Moveable transactions

(Security over corporeal and incorporeal moveable property; assignation of incorporeal moveable property)

Commissioner

Dr Andrew Steven

Team members

Andrew Crawley, Project Manager
Kay Cuthbertson, Legal Assistant

Report

We published a Report on Moveable Transactions on 19 December 2017.  The Report is in 3 volumes (Volume 1; Volume 2; and Volume 3).  Volume 3 includes a draft Bill of the Scottish Parliament which would give effect to our 'devolved' recommendations.

We have prepared a business and regulatory impact assessment for the measures in the draft Bill.

A news release and summary are also available.

For an overview of the recommendations made in the Report and of their impact in practice, see this article by Commissioner Andrew Steven and Dr Hamish Patrick, recently published by the Butterworths Journal of International Banking and Financial Law.

The Scottish Government gave their initial response on 4 February 2019 to the report.

Background

This was a medium-term project in our Eighth Programme of Law Reform which was carried over to the Ninth Programme of Law Reform.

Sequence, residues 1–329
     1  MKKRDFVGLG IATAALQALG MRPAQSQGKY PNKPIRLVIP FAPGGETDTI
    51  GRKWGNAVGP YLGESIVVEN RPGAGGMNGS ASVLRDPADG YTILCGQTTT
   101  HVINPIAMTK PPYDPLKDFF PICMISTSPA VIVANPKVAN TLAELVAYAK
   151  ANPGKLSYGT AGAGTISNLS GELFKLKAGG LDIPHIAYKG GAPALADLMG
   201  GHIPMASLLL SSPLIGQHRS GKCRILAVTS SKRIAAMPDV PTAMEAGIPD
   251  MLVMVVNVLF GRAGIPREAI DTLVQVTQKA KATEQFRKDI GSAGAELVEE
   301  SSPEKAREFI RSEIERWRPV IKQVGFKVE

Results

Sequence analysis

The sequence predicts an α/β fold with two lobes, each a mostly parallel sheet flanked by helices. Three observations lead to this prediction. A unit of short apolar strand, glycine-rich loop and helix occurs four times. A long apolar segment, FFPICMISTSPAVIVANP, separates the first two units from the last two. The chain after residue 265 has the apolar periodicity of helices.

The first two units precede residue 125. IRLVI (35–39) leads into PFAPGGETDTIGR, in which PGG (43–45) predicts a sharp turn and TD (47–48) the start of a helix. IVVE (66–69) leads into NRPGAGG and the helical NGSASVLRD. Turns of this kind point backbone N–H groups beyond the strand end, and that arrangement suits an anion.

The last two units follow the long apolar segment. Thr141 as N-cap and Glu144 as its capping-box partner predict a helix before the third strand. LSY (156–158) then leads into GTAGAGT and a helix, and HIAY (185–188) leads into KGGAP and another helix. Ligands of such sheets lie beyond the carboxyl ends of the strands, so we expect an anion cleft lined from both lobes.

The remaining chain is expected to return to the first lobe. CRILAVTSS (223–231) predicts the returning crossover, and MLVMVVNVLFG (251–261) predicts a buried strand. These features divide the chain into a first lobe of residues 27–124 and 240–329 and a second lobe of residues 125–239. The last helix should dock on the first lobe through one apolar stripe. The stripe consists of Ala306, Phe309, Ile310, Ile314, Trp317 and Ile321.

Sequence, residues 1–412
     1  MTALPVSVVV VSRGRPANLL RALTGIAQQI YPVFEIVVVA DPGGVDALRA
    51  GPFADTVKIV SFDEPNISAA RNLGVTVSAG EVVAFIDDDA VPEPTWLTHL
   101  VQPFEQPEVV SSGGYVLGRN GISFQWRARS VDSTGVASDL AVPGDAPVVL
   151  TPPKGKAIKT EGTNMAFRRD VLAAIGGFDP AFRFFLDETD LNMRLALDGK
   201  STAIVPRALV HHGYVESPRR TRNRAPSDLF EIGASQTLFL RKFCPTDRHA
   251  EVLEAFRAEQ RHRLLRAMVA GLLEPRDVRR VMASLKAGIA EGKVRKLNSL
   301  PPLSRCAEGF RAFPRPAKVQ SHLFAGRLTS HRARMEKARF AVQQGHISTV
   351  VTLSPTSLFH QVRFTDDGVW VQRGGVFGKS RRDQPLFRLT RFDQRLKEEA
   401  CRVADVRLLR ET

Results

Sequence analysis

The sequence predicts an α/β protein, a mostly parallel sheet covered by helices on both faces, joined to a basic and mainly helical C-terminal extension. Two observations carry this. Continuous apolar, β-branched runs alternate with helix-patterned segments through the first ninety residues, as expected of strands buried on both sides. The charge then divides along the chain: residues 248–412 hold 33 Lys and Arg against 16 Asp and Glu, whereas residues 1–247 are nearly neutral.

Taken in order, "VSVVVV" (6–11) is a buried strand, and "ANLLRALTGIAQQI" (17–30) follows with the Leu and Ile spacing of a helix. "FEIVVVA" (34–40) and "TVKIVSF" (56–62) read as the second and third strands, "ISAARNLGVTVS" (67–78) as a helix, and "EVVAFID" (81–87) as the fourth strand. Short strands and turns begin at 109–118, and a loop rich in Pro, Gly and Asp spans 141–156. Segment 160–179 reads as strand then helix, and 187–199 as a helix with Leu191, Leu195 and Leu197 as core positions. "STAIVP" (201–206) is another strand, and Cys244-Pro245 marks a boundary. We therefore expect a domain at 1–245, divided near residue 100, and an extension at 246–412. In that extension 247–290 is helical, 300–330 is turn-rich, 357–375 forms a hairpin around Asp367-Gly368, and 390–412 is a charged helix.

It covers the original project on assignation and security over incorporeal moveable property from our Seventh Programme of Law Reform, and adds security over corporeal moveable property.

Thus book debts (money owed but unpaid), loan books (sums due on mortgage, credit cards, car loans etc.), intellectual property rights (patents etc.), stock in trade, and equipment (vehicle fleets etc.) all fall within the scope of the Report.

We published a Discussion Paper on Moveable Transactions (DP 151) in June 2011.  We published a draft Bill based on our intended reforms in July 2017.  The responses to those consultations were most helpful to us when preparing the Report.

Comparative law

We had particular regard when preparing our Report to legislative schemes in other comparable jurisdictions.

The Discussion Paper, for example, examined the model scheme that originated in the USA (Article 9 of the Uniform Commercial Code) and has now been adopted with variations in other countries including Australia, Canada and New Zealand.

Although the Paper concluded that a wholesale adoption of this model would not be appropriate, it is suggested that Scots law would benefit from adopting some of its ideas, and the Report has been developed on that basis. 

We also had close regard to reform work in other jurisdictions.  In particular we note from England and Wales the work of:

Contact

If you require any further information about the Moveable Transactions project, or if there are matters you wish to raise, please email:

info@scotlawcom.gov.uk.

If you would like to be kept informed of future publications and events we would be happy to add you to our email mailing list on request.